This delivery policy (or shipping policy) is meant to serve either as (i) guidance for customers so that they have a general idea of when to expect delivery of their goods, or (ii) a legally-binding contract placing obligations on the seller. It explains what the customer should do in the event of any issues with the delivery, including non-delivery and loss.
Customers will be interested in any free delivery criteria, which should be clearly stated if you do offer free delivery. It is important that you explain the limits to your geographical delivery areas. This should deter prospective customers in countries outside of your selected regions from attempting to place an order. You may also be able to configure the order section of your website to prevent them from doing so.
Delivery charges must be clearly stated so that customers are fully informed of what the total cost of the purchase will be. You should consider whether it makes financial sense to track deliveries and have customers sign for them, rather than use the standard post and hope for the best. The value of the goods or their scarcity may be determining factors in that regard. If the customer denies having received the goods and there is no evidence of delivery, you may have to absorb the loss and re-do the order.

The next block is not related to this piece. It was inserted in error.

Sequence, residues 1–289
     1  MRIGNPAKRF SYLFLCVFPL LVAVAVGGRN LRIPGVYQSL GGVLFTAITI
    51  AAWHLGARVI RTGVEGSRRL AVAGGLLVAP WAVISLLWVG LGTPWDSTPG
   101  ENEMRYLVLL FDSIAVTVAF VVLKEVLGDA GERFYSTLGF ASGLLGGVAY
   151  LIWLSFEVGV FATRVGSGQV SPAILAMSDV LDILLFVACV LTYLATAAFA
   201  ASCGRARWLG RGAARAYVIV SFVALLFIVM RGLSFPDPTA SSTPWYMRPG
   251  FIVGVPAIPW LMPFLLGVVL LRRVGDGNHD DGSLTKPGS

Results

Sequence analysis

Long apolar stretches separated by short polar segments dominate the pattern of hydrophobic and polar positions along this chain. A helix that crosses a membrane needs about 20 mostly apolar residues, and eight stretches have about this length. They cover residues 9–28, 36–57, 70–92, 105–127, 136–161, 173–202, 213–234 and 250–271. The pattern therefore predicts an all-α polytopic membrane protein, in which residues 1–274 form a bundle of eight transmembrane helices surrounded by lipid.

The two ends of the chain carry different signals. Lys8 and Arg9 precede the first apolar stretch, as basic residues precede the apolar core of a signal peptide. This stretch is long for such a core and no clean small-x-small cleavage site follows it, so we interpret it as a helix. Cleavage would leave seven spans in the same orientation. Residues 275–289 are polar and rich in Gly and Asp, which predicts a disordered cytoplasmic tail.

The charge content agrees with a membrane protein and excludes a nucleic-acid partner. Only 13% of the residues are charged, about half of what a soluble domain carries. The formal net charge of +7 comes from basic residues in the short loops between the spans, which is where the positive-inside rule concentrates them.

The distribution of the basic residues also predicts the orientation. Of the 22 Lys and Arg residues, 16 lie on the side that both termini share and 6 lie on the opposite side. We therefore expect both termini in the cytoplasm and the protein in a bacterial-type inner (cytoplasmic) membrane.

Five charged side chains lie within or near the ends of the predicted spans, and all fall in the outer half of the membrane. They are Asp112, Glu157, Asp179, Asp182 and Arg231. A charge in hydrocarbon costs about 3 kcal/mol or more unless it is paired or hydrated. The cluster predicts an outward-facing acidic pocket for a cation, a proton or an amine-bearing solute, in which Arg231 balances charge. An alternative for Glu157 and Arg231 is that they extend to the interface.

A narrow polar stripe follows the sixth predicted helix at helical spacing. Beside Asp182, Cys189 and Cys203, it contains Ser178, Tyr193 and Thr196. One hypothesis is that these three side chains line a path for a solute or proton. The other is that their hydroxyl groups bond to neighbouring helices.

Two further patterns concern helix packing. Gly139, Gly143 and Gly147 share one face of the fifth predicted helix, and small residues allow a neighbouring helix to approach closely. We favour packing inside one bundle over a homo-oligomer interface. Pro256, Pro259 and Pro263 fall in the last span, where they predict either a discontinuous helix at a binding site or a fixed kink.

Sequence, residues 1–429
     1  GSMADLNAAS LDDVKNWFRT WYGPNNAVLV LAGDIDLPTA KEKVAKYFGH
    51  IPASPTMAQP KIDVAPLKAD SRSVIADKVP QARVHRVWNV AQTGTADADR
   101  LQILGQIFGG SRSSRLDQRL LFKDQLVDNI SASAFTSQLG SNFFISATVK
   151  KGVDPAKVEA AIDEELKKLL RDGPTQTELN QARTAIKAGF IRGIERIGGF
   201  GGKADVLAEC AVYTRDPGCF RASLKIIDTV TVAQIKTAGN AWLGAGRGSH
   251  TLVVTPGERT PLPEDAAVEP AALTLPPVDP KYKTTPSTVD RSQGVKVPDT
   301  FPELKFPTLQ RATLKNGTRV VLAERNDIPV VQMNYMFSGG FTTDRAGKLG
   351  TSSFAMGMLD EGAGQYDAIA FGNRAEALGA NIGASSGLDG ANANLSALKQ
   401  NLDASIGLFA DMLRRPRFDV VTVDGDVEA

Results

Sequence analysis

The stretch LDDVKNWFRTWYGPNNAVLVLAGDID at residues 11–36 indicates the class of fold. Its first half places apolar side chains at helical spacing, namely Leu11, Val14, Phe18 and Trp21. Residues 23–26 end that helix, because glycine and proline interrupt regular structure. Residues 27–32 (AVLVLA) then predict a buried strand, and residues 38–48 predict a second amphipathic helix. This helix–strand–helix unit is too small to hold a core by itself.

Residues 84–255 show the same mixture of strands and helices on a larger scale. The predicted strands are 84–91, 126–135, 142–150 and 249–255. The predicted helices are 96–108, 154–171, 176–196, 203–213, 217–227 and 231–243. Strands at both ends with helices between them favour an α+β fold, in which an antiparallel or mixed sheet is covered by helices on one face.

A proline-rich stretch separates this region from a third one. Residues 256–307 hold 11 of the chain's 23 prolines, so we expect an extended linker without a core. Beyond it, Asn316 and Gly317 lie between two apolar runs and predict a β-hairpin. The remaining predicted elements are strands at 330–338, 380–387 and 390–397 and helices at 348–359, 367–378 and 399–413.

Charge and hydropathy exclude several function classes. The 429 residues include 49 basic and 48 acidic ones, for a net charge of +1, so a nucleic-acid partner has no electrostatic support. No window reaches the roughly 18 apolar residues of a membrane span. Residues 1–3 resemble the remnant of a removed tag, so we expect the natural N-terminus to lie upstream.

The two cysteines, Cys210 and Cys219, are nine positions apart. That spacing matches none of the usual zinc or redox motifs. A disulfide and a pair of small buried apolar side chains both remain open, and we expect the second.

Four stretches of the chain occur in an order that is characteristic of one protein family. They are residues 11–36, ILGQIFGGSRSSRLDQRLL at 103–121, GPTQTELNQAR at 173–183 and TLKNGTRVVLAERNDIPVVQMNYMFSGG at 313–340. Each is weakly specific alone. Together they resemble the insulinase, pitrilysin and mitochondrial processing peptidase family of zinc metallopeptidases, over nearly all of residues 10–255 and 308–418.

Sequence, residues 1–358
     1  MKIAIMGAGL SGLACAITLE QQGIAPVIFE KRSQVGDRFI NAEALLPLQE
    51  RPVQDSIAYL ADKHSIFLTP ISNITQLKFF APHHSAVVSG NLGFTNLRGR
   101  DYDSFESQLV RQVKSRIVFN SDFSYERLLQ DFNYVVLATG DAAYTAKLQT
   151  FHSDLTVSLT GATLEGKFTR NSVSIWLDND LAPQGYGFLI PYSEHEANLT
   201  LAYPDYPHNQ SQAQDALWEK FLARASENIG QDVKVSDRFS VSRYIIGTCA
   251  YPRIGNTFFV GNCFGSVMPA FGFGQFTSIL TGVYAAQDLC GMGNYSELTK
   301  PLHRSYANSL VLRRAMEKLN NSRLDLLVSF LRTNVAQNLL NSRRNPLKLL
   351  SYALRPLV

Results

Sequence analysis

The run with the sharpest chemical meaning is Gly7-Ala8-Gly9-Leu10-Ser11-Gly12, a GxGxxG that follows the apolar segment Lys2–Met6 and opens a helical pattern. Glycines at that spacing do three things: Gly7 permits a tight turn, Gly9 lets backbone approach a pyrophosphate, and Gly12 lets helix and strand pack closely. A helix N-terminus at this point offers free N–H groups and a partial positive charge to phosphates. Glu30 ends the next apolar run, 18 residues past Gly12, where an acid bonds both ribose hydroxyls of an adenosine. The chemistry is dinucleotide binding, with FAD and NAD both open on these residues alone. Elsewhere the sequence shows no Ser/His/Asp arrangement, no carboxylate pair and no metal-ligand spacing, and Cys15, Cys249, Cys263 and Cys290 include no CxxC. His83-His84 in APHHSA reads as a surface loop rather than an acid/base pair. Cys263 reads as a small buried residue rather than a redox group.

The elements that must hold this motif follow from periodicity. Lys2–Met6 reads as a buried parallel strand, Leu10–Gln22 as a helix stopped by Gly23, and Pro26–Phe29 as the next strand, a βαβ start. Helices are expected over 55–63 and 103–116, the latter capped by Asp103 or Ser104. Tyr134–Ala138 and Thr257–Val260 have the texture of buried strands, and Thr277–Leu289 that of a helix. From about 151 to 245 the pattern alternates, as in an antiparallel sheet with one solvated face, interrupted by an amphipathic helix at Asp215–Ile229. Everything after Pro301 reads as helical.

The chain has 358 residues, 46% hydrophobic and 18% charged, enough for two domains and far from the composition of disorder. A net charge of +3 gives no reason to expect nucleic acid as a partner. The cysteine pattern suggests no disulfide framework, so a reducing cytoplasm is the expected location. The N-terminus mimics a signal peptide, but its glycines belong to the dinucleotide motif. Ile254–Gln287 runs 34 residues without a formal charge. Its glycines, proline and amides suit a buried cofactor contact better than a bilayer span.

It is a good commercial strategy to have a clear delivery policy so that customers are not left wondering what happens next. If customers have no idea when to expect delivery they may resort to phoning and emailing you, using up your valuable resources. The absence of a clear delivery policy may also deter prospective customers from placing orders for goods.
The wording of the policy is purposely more friendly to the business owner than the customer in that it allows for flexibility with times and dates. However, if the policy is to be treated as part of the contract of sale and you fail to abide by the terms, you face the risk of a claim for breach of contract. You could find yourself in a situation where a customer claims that you breached the contract for some minor reason such as late delivery, even though they suffered no real loss.
If the policy is to be used for guidance purposes it will carry less legal weight in respect of delivery times and dates.Ask about this document
Delivery policy contents
- Introduction: delivery policy purpose; legal status of policy.
- Free delivery: free delivery criteria; non-free deliveries.
- Geographical limitations: country delivery list; ad hoc delivery to other countries.
- Delivery methods and periods: delivery methods and periods; commencement of delivery period; delivery periods indicative; fraud screening checks may delay delivery.
- Delivery charges: delivery charges notification; factors affecting delivery charges; delivery charges list.
- Delivery tracking: delivery tracking available; how to track a delivery.
- Receipt and signature: deliveries requiring signature; notification before delivery.
- Additional deliveries: number of additional delivery attempts.
- Collection: collection of products.
- Delivery problems: contact operator regarding problems; re-delivery charges; defining fault upon failure to deliver.